incidental questions arising after the motion was made shall be decided without debate. A person
who is speaking on a question shall not while he or she has the floor move to put that question.

Essentially, Nevada senators can’t filibuster because it’s quite easy to end debate on the senate floor – if someone was to attempt to filibuster, one would only need three senators to call the previous question, interrupting the speaking senator and forcing them to wait until every other waiting senator talk. There are no standard rules for cloture or similar rules that are used by the U.S. Senate or the Texas Senate.

“If someone were to stand and start talking and talking and talking, someone could call the previous question,” Byerman said.

The Nevada Assembly has essentially the same rules, but gives the author of the bill/resolution/move the power to close debate.

I’m not a legal expert by any means, but that’s how I understand it. Byerman said that as far as he knows, no Nevada Senator or Assemblyman has ever attempted to filibuster during the legislative session. Wendy Davis may be getting a ton of media attention, but any Nevada state officials looking to follow in her footsteps would probably get shot down.

Wendy Davis

Wendy Davis

Joe Heck is still paying off student loans

Congressman Joe Heck (R-NV 3rd District) and I have something in common; we’re both dealing with student loan debt from higher education. In a Las Vegas Review-Journal story Sunday, fiscal disclosure forms show Heck, 52, is still dealing with debt from becoming an osteopath.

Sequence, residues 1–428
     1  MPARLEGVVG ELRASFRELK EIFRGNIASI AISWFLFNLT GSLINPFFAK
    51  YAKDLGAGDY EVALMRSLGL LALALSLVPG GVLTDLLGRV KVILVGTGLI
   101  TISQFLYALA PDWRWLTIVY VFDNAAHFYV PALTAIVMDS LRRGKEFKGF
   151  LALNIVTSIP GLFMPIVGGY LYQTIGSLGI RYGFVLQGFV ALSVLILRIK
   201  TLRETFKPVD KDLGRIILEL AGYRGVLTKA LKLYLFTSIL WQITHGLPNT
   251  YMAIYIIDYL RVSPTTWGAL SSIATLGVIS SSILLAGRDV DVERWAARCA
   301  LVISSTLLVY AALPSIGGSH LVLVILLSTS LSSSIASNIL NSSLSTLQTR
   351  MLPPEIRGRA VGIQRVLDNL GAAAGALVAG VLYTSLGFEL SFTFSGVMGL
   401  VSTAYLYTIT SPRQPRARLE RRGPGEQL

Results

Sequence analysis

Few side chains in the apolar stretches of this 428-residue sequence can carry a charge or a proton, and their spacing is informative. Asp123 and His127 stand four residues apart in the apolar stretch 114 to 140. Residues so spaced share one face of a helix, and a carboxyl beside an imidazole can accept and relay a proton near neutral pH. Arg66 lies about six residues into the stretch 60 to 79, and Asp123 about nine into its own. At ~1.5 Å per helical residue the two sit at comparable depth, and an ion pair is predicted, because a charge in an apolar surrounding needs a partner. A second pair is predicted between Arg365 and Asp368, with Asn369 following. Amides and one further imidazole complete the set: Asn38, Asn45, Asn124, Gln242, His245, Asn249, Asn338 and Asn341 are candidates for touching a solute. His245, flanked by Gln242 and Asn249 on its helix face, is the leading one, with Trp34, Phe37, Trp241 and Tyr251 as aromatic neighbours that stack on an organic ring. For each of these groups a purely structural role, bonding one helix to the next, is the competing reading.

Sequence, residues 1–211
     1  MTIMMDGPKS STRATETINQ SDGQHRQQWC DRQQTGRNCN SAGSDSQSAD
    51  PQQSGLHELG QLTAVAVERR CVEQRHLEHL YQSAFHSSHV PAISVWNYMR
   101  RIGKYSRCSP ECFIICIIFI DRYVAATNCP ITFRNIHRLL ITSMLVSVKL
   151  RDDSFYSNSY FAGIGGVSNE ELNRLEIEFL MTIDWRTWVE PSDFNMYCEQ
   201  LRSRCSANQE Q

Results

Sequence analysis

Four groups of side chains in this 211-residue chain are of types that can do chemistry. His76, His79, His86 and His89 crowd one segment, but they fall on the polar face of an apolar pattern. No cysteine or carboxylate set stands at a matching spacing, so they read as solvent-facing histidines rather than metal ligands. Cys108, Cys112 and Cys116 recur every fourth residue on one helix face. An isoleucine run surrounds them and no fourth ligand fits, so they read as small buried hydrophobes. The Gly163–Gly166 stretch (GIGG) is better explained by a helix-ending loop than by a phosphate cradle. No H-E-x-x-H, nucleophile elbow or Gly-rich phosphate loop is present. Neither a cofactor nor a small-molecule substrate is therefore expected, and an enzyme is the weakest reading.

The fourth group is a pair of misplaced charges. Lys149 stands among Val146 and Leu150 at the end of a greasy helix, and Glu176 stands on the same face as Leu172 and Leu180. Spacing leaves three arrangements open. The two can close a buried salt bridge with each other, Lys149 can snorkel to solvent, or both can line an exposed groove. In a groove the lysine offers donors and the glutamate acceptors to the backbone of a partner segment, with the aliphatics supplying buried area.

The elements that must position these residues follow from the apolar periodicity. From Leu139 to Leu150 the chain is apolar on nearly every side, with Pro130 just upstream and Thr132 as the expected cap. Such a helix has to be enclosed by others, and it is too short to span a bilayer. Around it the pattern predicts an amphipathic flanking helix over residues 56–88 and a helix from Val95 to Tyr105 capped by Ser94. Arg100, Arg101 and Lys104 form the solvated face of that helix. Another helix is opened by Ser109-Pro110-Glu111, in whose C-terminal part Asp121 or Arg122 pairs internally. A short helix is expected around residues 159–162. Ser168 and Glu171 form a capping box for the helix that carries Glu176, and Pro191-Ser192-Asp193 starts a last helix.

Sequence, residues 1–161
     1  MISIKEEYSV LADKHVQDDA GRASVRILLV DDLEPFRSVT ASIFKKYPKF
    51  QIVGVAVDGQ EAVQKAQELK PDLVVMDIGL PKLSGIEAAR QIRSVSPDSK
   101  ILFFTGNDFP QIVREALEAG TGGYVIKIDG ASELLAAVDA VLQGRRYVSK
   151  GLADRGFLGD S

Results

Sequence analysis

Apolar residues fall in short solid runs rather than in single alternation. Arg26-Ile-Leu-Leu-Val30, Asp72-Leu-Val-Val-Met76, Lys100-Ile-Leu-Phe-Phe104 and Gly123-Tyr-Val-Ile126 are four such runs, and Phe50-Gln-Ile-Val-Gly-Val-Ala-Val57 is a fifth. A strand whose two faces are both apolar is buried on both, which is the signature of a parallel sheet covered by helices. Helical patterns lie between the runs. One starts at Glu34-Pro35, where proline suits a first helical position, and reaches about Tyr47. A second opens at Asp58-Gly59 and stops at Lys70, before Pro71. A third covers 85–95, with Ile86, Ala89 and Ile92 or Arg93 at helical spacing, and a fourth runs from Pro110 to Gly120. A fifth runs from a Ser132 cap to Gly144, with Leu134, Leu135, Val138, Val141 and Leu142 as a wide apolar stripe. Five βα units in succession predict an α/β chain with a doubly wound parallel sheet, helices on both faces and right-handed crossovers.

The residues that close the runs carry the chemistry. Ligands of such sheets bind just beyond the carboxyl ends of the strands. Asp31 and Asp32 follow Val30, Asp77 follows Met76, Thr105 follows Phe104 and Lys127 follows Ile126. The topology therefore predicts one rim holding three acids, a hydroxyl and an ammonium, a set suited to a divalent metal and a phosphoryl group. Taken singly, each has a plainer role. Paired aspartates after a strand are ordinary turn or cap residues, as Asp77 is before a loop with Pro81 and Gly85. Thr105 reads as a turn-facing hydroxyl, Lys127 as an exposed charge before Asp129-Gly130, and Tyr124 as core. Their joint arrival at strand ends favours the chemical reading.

Heck, a Republican in his second term, and his wife, who is a nurse, hold bank accounts of between $15,000 and $50,000, and annuities and retirement accounts containing between $199,000 and $561,000.

Heck, 52, reported he still is paying off between $50,000 and $100,000 in student loans from his education to become an osteopath. The family last year began participating in a college savings plan for their teenage son.

Heck and his wife hold a mortgage of between $250,000 and $500,000 on their home in Henderson.

This actually isn’t the biggest surprise - Heck mentioned it in a video released last week laying out his positions on student loan debt.

Say what you will about Heck’s beliefs on student loans, but it’s nice to see a Congressman actually having to deal with paying them off.

ASUN planning to strip funding from UNR publications

ASUN President Ziad Rashdan

ASUN President Ziad Rashdan

Funding for several ASUN-sponsored publications, including Insight Magazine, Wolf Pack Radio and literary arts journal Brushfire  could be fiscally gutted or otherwise unfunded if the student government’s proposed budget is approved.